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A roadmap is a strategic plan that defines a goal or desired outcome and includes the major steps or milestones needed to reach it.
It also serves as a communication tool, a high-level document that helps articulate strategic thinking—the why—behind both the goal and the plan for getting there.
Although we at ProductPlan generally discuss the roadmap as a strategic tool for guiding the development of products, it can be used for all types of strategic initiatives.
You have a bold vision for your product. The high-level strategic planning is done — now you need a roadmap for what you will deliver and when. This might be the launch of a new product to customers, enhancements to an existing one, or even an internal product used by your organization.
Your product roadmap lays out the big efforts required to meet your overall business objectives and the timeline for implementing features and requirements that align with your strategy. It should be separate from other planning materials, such as lists of ideas and feature requests, a backlog of work, or bug reports. Those materials inform what goes on your roadmap, after careful review and consideration from you — the product manager.
Roadmapping is not easy. Every company demands different types of Roadmaps, and every PM has their own flavour. Here is a step by step process to create roadmaps so you can influence anyone in your company like a true Jedi.
So what is Product Roadmap?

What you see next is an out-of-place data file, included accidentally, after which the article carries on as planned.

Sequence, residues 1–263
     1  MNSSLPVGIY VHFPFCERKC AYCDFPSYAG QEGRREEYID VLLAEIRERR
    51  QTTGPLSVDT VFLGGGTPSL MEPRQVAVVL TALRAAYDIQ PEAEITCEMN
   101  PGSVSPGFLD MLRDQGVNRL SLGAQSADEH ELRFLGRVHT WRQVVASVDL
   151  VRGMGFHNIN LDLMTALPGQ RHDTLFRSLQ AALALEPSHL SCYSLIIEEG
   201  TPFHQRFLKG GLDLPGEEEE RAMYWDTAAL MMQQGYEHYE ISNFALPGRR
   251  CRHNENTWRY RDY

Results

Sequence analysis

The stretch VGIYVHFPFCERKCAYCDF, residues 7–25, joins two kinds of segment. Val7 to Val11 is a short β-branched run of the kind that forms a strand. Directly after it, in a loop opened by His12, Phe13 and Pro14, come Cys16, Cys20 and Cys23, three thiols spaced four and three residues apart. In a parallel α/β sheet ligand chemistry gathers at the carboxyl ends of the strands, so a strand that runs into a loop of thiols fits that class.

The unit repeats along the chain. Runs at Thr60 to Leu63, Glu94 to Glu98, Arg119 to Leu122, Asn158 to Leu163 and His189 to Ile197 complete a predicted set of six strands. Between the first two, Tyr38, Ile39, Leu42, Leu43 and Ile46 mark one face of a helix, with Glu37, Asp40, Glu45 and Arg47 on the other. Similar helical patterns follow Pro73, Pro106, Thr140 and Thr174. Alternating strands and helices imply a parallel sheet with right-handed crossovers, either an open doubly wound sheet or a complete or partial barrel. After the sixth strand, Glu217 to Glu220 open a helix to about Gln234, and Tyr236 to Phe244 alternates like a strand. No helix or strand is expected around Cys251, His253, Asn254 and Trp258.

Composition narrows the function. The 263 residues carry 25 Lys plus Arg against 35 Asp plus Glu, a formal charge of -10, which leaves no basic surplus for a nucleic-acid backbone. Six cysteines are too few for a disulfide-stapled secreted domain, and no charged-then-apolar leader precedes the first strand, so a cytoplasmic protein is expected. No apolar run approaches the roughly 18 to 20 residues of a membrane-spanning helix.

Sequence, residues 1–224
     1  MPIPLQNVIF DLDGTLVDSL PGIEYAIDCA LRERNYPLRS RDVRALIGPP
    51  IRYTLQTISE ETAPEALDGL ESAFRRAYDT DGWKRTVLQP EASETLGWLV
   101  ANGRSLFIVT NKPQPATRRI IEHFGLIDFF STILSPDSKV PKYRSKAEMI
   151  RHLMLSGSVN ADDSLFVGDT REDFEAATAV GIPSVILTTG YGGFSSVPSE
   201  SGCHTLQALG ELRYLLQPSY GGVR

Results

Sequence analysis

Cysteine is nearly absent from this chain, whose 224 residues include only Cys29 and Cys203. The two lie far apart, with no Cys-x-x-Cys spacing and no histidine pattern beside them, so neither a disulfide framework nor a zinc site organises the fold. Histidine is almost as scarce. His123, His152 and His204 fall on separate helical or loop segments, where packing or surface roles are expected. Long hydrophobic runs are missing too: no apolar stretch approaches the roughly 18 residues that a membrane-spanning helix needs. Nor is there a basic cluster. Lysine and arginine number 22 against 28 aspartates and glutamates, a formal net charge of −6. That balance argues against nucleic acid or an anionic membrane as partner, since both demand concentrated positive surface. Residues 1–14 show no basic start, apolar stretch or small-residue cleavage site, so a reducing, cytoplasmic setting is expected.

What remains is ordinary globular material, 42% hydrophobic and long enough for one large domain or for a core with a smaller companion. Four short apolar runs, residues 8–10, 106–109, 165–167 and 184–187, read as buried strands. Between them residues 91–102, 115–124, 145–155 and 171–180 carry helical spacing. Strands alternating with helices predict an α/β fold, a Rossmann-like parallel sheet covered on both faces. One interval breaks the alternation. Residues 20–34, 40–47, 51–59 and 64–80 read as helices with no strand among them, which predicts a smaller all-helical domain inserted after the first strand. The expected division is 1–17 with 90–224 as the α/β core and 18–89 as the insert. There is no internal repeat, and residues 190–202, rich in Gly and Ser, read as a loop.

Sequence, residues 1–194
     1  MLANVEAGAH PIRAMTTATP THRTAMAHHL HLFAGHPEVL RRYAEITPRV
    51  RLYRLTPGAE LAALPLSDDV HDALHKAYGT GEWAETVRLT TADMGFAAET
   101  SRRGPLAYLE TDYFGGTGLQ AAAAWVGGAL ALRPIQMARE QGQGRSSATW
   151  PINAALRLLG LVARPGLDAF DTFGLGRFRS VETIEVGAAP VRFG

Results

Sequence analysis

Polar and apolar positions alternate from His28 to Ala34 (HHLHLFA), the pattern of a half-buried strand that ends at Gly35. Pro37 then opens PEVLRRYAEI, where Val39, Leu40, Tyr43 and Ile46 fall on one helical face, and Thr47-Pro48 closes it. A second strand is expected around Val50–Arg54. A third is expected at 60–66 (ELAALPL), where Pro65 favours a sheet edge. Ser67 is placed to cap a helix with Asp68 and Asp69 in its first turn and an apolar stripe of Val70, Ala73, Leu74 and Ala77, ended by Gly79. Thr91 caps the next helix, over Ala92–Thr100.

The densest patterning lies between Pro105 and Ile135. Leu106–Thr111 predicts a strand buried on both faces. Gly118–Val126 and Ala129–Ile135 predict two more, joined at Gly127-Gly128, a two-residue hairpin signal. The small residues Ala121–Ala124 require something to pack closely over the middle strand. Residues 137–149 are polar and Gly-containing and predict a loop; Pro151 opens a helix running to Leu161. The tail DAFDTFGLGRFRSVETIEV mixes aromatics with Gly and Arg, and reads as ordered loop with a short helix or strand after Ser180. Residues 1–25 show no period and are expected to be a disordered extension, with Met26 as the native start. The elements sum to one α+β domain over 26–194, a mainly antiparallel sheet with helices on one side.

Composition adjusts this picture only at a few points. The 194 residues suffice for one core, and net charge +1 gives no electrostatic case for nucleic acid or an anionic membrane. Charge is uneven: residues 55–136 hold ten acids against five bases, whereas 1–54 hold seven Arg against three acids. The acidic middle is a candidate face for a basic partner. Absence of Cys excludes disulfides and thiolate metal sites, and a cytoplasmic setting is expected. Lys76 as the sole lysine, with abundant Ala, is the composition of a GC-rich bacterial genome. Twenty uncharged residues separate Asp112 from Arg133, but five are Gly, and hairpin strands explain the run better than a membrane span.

A product roadmap is a tool used by PM’s to communicate the what and the why of a product. A great roadmap helps PM’s achieve the following:
1. It ensures the product team understand what they are working towards, by aligning the product to the company’s short term and long term goals.
2. It enables effective allocation of time, money and people, by communicating expectations, priorities and schedules.
3. It sets a basis for prioritisation discussions and provides a focus for your company.
Summary: A product roadmap is a plan of action for how a product or solution will evolve over time. Product owners use roadmaps to outline future product functionality and when new features will be released. When used in agile development, a roadmap provides crucial context for the team's everyday work and should be responsive to shifts in the competitive landscape.
The idea that agile development discards long term planning may be the biggest myth since the Loch Ness Monster. A roadmap is every bit as important to an agile team as it is to a waterfall team because it provides context around the team's every-day work, and responds to shifts in the competitive landscape. But unlike a certain legendary Scottish water beast, an agile roadmap done right is easy to find and easy to understand.
An organization-wide roadmapping process can help you bring the business goals front-and-centerfor everyone to understand and act on. This high-level document is a visual representation of a strategy: it answers the questions of what will be done, who will be involved in the work, the details of scope and resource allocation, as well as how and why certain initiatives were prioritized over others.
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